Final Jury Meeting and Ranking

Once the coordination is over, the resulting ranking is released and the medal cuts are set on Monday evening. With this, the work for most leaders, deputies, observers, coordinators and volunteers of the academic committee is over, and they can look forward to a well-deserved excursion to Mount Rigi and a hopefully exciting Closing Ceremony on Tuesday. Thank you all for your hard work.

Mathematics Shapes our Future

Imagine a world without mathematics: No Internet, no computer tomography, no pin codes, no statistics. Impossible! Mathematics is a key technology for our society. Tonight, participants will have a talk with 4 female mathematicians working for Google, Roche, ETH and Munich Re. They will discuss about their personal career and how their work adresses challenges of today’s society.

One of our guest is Prof. Dr. Özlem Imamoglu. She is a number theorist working in the mathematics department of ETH Zürich. Imamoglu is fascinated by the hidden properties of numbers. Read the whole ETH News article about her work and her commitment to motivate young women to study mathematics.

We are also happy to welcome Dr. Sandrine Micaleff. She is a statistician modeler and works as a pharmacometrician at Roche. In the following text, she talks about the goal of her work, her professional background, and the reason why she likes mathematics:

„I am a statistician modeler and I work as a pharmacometrician at Roche. My work contributes to deliver new drugs for patients. I have heart to use my education in applied mathematics to participate to the improvement of patients’ lives, and human health.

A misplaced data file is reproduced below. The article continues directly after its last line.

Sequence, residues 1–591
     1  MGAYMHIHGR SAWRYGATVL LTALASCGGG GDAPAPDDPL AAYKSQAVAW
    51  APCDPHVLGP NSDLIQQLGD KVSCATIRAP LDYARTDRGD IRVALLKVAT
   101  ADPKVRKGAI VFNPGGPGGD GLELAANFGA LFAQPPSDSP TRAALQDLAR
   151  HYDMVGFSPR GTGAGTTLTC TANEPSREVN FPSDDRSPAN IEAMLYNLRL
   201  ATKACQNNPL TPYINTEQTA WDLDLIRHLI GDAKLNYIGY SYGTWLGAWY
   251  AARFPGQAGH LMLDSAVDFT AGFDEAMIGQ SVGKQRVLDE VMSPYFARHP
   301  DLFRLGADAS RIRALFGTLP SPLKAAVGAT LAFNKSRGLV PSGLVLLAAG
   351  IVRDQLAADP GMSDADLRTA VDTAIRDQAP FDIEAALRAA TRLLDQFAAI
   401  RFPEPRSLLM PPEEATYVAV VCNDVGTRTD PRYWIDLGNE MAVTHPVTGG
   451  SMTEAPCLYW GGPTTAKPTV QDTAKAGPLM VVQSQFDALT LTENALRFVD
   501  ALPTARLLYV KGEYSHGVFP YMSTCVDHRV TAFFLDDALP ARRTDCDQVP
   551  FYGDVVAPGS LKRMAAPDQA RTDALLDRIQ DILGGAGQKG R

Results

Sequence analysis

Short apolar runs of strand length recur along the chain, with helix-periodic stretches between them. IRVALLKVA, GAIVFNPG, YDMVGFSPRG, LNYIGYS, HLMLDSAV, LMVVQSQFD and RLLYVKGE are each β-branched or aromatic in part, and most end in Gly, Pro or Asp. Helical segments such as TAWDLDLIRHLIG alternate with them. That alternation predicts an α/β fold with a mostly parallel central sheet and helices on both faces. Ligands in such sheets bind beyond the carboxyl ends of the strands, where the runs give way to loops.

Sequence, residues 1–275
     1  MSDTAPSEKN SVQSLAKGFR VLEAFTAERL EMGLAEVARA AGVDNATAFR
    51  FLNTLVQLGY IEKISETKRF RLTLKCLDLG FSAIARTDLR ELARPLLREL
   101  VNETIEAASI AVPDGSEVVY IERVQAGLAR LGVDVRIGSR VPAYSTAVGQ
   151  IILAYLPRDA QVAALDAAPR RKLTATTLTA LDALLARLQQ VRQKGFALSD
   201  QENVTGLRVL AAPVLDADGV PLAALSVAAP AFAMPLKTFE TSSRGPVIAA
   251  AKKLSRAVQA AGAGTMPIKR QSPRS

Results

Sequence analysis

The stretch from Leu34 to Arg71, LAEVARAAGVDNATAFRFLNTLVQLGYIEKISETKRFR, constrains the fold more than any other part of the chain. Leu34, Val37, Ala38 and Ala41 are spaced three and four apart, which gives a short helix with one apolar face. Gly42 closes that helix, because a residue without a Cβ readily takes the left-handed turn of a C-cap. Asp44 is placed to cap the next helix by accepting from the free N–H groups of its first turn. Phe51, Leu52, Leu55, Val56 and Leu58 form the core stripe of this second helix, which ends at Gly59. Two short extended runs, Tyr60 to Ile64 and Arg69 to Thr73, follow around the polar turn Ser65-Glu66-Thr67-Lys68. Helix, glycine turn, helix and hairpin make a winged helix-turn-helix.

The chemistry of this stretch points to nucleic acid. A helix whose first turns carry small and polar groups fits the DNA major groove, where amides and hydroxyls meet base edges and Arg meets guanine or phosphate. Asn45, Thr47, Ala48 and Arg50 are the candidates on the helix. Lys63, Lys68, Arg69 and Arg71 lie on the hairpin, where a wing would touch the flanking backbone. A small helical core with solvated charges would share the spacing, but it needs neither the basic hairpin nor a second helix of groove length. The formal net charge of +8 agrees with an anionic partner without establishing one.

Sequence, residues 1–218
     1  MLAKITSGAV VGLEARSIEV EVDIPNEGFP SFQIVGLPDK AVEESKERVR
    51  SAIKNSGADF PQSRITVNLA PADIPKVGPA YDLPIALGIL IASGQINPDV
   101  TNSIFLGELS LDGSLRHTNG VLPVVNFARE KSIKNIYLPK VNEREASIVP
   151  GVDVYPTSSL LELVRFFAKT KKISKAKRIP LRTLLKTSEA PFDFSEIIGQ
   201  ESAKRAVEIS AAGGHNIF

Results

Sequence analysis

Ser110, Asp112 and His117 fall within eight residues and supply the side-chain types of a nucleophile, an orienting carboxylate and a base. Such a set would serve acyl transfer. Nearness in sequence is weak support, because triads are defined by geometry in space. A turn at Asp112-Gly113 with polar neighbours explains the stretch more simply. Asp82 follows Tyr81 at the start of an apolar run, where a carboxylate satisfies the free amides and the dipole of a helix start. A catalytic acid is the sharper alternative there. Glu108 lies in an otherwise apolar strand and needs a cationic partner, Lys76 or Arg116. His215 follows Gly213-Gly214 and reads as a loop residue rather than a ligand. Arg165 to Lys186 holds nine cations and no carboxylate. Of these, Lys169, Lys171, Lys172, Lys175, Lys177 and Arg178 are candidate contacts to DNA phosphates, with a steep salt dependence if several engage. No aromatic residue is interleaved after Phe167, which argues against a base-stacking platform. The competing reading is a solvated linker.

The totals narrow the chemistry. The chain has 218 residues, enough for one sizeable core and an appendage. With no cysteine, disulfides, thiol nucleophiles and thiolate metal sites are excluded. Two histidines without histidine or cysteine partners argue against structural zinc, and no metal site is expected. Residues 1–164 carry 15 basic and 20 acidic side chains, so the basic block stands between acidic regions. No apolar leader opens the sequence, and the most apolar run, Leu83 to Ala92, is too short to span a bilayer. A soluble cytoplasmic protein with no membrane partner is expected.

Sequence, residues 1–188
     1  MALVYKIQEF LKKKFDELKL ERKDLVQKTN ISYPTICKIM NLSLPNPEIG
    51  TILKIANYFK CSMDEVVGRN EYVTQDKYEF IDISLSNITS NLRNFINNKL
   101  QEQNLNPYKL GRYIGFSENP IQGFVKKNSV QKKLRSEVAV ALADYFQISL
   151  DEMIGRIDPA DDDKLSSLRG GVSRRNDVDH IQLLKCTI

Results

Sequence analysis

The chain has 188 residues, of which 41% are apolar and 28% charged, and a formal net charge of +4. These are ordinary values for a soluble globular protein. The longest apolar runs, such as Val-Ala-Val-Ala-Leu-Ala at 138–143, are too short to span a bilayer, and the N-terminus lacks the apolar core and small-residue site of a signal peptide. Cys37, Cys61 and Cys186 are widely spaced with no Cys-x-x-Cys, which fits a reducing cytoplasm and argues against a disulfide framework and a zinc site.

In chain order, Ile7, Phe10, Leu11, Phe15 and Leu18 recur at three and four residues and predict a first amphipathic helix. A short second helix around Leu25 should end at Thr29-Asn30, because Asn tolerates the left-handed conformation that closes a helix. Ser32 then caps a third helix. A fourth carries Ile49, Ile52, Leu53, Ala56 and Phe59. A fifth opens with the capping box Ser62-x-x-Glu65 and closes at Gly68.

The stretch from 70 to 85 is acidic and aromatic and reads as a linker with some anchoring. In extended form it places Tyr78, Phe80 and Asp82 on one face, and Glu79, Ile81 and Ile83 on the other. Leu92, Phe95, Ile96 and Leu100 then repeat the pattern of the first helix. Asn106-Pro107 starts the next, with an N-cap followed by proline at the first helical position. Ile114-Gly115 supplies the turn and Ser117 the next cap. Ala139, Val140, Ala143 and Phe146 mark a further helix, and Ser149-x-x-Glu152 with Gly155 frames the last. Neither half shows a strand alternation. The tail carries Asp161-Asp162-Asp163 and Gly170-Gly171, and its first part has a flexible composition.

I see mathematics as a game and this game has the ability to represent a simplified version of the world around us. Since this is a game, we are able to play with it: explore different hypotheses, imagine and predict what could the future be, take informed decision. The beauty of mathematics stands for me in its polymorph nature: in the fact that it can be very abstract, very theoretical, and at the same time very concrete, and so useful in everyday life. It can be very logical and very sharped, and at the same time, manage uncertainty, explore likelihood of very complex events. I feel this is fascinating and enjoying.
Before joining Roche, I was a Statistic Project Leader for oncology targeted therapies at Sanofi for 9 years. Prior to that, I was a statistician modeler in the French National Institute for Environment and Risks (INERIS) for 7 years, in charge of research projects in bio-kinetic, and bio-dynamic modelling. I received my Ph.D. in applied Statistics from the ABIES French doctoral school. My phD thesis aimed at building Bayesian statistic tool for medical decision support on the caffeine treatment of premature neonates against apnoea.“

Let’s dance

After the second exam, participants enjoyed the sun and the view on the top of Zurich, the Uetliberg. When the sun set, they put on their dancing shoes and had fun with the Disco-Fox classes with Nadia and Pascal.
Day 3: Exam, Excursion Uetliberg and Dancing